Good Faith Estimates have been around for decades, but there was no standard format. Under the new rules, lenders and mortgage brokers will be required to give consumers the estimate forms within three days of receiving a loan application.

Lenders aren't allowed to increase the origination fee from the estimate. Some other charges not included in the origination fee, such as title services and recording charges, can increase by as much as a combined 10% from the estimate. Estimates for other charges, such as homeowner's insurance and other services provided by third parties selected by the borrower, aren't subject to such limits.

Title insurance typically is the largest fee, and the new forms let consumers know they don't have to accept the insurer suggested by the lender. Mr. Guttentag says title insurance can be "vastly overpriced" and consumers should take the time to shop for it.

HUD has estimated that the revised requirements will save $700 for the typical consumer, partly because of the greater ability to shop intelligently..."

Fees may deter loan alteration

This week, the Obama administration summoned mortgage company executives to Washington to demand they move faster to lower payments for homeowners sliding toward foreclosure. Treasury officials called on the companies to hire and train more people quickly to field applications for relief.

But industry insiders and legal experts say the limited capacity of mortgage companies is not the primary factor impeding the government’s $75 billion program to prevent foreclosures. Instead, it is that many mortgage companies are reluctant to give strapped homeowners a break because the companies collect lucrative fees on delinquent loans.

Even when borrowers stop paying, mortgage companies that service the loans collect fees out of the proceeds when homes are ultimately sold in foreclosure. So the longer borrowers remain delinquent, the greater the opportunities for these mortgage companies to extract revenue — fees for insurance, appraisals, title searches and legal services.

“It frustrates me when I see the government looking to the servicer for the solution, because it will never ever happen,” said Margery Golant, a Florida lawyer who defends homeowners against foreclosure and who worked in the law department of a major mortgage company, Ocwen Financial. “I don’t think they’re motivated to do modifications at all. They keep hitting the loan all the way through for junk fees. It’s a license to do whatever they want.”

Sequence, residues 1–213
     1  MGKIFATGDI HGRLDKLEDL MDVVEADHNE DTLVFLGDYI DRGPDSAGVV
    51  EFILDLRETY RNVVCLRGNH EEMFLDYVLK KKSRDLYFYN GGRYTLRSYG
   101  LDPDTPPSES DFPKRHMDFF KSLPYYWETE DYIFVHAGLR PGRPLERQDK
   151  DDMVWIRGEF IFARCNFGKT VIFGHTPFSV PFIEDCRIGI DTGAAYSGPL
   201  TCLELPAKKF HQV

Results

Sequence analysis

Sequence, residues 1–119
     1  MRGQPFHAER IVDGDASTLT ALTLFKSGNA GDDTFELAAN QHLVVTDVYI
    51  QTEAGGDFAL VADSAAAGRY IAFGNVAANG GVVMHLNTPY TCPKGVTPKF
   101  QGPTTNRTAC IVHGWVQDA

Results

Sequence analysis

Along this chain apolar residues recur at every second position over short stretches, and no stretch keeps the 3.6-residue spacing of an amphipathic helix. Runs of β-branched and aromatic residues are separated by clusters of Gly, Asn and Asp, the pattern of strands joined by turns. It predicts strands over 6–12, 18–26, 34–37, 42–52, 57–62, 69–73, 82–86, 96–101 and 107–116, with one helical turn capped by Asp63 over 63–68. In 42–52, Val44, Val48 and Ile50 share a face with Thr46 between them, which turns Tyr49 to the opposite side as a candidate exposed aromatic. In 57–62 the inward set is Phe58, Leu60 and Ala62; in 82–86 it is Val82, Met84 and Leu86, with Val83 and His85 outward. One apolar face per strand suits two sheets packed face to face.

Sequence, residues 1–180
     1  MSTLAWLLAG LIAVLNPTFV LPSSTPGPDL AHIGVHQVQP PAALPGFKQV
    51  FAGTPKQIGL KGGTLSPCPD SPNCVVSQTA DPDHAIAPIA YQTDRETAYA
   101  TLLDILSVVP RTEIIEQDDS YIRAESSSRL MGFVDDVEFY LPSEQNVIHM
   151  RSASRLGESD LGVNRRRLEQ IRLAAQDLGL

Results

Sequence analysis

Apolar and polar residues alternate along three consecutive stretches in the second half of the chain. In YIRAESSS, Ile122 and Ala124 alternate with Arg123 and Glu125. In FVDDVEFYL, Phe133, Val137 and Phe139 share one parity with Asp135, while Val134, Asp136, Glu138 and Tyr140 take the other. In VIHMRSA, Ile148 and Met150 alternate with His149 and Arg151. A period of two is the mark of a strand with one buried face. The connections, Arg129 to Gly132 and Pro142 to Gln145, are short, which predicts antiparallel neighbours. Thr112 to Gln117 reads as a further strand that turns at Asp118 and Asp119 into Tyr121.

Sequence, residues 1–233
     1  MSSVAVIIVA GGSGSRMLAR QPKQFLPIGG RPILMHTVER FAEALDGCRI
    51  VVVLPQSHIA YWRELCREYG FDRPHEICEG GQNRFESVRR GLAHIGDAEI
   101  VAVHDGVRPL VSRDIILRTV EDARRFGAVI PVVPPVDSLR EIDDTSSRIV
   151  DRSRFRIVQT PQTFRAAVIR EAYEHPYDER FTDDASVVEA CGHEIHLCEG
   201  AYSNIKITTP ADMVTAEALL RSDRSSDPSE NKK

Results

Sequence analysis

Rich Miller, a governance project manager at Countrywide Financial and Bank of America before he left in January, said Bank of America had been reluctant to modify loans, which hurt the bottom line. The company has been waiting and hoping the economy will improve and delinquent customers will resume making payments, he said.

“That’s the short-term strategy,” said Mr. Miller, who oversaw training programs at Countrywide, which was bought by Bank of America. He now works as an industry consultant.

Bank of America disputed that characterization. “To think that somehow or other we would jeopardize investor relationships and customer relationships for the very small incremental income we would receive by delaying seems ludicrous,” said Robert V. James, the bank’s senior vice president for mortgage operations and insurance. “It’s not the right thing to do.”

Mortgage companies, some of which are affiliated with the nation’s largest banks, are paid to manage pools of loans owned by investors. The companies typically collect a percentage of the value of the loans they service. They extract their share regardless of whether borrowers are current on their payments. Indeed, their percentage often increases on delinquent loans.

Legal experts say the opportunities for additional revenue in delinquency are considerable, confronting mortgage companies with a conflict between their own financial interest in collecting fees and their responsibility to recoup money for investors who own most mortgages.

“The rules by which servicers are reimbursed for expenses may provide a perverse incentive to foreclose rather than modify,” concluded a recent paper published by the Federal Reserve Bank of Boston.

Under the Obama administration’s foreclosure program, a servicer that modifies a loan for a homeowner collects $1,000 from the government, followed by $1,000 a year for each of the next three years. A senior Treasury adviser, Seth Wheeler, said these payments amounted to “meaningful incentives to servicers to help overcome the challenges and competing demands they face in considering and completing loan modifications.” He added that mortgage companies “are contractually obligated to the terms of this program, which require them to offer modifications to qualified borrowers.”

But experts say the administration’s incentives are often outweighed by the benefits of collecting fees from delinquency, and then more fees through the sale of homes in foreclosure.

“If they do a loan modification, they get a few shekels from the government,” said David Dickey, who led a mortgage sales team at Countrywide and Bank of America, leaving in March to start his own mortgage advisory firm, National Home Loan Advocates. By contrast, he said, the road to foreclosure is lined with fees, especially if it is prolonged. “There’s all sorts of things behind the scenes,” he said.

When borrowers fall behind, mortgage companies typically collect late fees reaching 6 percent of the monthly payments.

“For many subprime servicers, late fees alone constitute a significant fraction of their total income and profit,” said Diane E. Thompson, a lawyer for the National Consumer Law Center, in testimony to the Senate Banking Committee this month. “Servicers thus have an incentive to push homeowners into late payments and keep them there: if the loan pays late, the servicer is more likely to profit.”